Dr. Typhani Harris | October 2020

Higher Order Thinking Questions for Your Next Lesson

Higher order thinking questions help students explore and express rigor in their application of knowledge. There are 5 main areas of higher order thinking that promote rigor:

  1. Higher Level Thinking
  2. Engagement
  3. Deep Inquiry
  4. Demonstration and
  5. Quality Over Quantity

Each of these areas encourage students to move beyond rote knowledge and to expand their thinking process. Let’s explore each in more depth.

Higher Level Thinking

Higher level thinking is simply taking our students to the next level by pushing for more than simple recall or comprehension. There are many resources for higher level thinking.  Costa’s Levels of Questioning, Bloom’s Taxonomy and Webb’s Depth of Knowledge are two common references for building higher level thinking. Take a look at this Higher Order Thinking Chart to help you organize these methods and see how to apply them in your own lessons:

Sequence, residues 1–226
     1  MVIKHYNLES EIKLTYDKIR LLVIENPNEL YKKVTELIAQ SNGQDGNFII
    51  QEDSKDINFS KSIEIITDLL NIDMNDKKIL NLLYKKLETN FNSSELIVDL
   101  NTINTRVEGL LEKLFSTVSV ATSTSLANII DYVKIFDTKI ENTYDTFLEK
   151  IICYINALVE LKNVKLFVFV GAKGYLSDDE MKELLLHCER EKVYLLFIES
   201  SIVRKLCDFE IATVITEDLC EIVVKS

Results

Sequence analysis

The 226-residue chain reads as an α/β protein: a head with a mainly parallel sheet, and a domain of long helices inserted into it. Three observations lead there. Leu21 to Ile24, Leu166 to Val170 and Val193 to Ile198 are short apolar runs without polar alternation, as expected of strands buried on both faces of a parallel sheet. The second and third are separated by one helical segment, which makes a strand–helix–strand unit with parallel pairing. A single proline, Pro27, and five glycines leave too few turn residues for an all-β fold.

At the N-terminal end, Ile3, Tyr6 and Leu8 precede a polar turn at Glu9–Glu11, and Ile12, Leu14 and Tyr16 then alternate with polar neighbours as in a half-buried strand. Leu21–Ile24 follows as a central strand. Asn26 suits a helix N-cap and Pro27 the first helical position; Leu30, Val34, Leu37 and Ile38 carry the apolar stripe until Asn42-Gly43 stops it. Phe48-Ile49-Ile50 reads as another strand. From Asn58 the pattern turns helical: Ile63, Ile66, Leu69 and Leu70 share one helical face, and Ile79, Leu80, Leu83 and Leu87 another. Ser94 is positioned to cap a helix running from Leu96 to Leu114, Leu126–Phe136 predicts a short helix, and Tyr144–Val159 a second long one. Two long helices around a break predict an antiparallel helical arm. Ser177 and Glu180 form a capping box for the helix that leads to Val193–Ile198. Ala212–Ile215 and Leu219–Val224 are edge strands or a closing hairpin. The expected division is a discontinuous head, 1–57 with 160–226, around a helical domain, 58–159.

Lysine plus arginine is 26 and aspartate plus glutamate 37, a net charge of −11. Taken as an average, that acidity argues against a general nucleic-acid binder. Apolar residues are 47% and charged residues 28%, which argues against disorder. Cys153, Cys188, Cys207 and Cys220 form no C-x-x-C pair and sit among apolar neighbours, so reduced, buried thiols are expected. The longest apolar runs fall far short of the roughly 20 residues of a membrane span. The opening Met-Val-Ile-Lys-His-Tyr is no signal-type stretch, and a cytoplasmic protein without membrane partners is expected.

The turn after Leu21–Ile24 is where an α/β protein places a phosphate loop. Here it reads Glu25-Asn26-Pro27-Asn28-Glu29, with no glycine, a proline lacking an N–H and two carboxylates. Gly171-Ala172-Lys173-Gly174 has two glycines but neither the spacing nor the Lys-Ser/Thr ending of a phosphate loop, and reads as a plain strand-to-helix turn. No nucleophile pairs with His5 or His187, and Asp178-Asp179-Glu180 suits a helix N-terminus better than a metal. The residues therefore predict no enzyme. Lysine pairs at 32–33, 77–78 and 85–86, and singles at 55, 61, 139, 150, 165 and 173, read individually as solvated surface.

Higher Order Thinking Questions Reference

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All 3 of these methodologies provide building blocks for increasing the level of thinking.  Creating opportunities for students to work within the recalling and remembering level is relatively simple because we are asking students to identify or recall information. However, moving to the higher levels things become a little more difficult.  Here’s a basic list of higher order thinking questions to get your started. However, let’s take a look at how to do this specifically within the STEAM areas.

Science

Webb (2002) offers some of the following activities for using higher levels in science.

DOK Level 1

Recall or recognize a fact, term, or property. Represent in words or diagrams a scientific concept or relationship. Provide or recognize a standard scientific representation for a simple phenomenon. Perform a routine procedure such as measuring length.

DOK Level 2

Specify and explain the relationship between facts, terms, properties, or variables. Describe and explain examples and non-examples of science concepts. Select a procedure according to specified criteria, and perform it. Formulate a routine problem given data and conditions. Organize, represent and interpret data.

DOK Level 3

Identify research questions and design investigations for a scientific problem. Solve non-routine problems, then develop a scientific model for a complex situation. And finally, form conclusions from experimental data.